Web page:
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(Bloomberg) -- Barneys New York Inc. filed for bankruptcy protection from creditors and laid out plans to shutter most of its stores after getting squeezed by rising rents and fewer visitors to its luxury fashion stores.The Chapter 11 filing in New York allows the department-store chain to stay open while it seeks to sell a slimmed-down business and to negotiate with its landlords.The company, owned by billionaire investor Richard Perry, said it has secured $75 million from affiliates of Hilco Global and Gordon Brothers Group to help meet its financial commitments. 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Meghji said in a court declaration.Vendor UncertaintyThe prospect of liquidation sales at such a high-end store raised questions about how discounting could affect Barneys’ relationships with its vendors.“Barneys works with the crème de la crème of vendors, who don’t want their items hitting the market at discounted prices, and are probably not used to their merchants filing for bankruptcy,” said Stephen Selbst, chair of the restructuring and bankruptcy group at New York law firm Herrick, Feinstein LLP. “Their only possible recourse is to offer to buy back inventory to avoid it hitting the distribution channel, but that’s expensive. 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Edited Transcript of SPG earnings conference call or presentation 31-Jul-19 12:30pm GMT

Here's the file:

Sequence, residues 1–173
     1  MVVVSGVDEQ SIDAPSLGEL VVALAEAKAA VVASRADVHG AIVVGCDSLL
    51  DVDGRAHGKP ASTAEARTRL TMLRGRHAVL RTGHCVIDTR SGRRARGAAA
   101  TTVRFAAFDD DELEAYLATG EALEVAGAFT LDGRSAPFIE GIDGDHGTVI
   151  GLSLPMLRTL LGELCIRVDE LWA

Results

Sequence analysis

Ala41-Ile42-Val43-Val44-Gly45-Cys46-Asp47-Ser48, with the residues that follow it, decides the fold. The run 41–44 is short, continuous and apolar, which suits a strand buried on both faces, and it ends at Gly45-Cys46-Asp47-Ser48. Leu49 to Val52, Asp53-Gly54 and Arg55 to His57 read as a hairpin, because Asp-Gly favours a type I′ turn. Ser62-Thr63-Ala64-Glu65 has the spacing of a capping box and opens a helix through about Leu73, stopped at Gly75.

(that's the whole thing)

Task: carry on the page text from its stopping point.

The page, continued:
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Simon Property (SPG) Beats Q2 FFO Estimates, Hikes Dividend
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Simon Property (SPG) Beats Q2 FFO and Revenue Estimates
Simon Property (SPG) delivered FFO and revenue surprises of 0.34% and 0.50%, respectively, for the quarter ended June 2019. Do the numbers hold clues to what lies ahead for the stock?

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Simon Property Group Inc (SPG)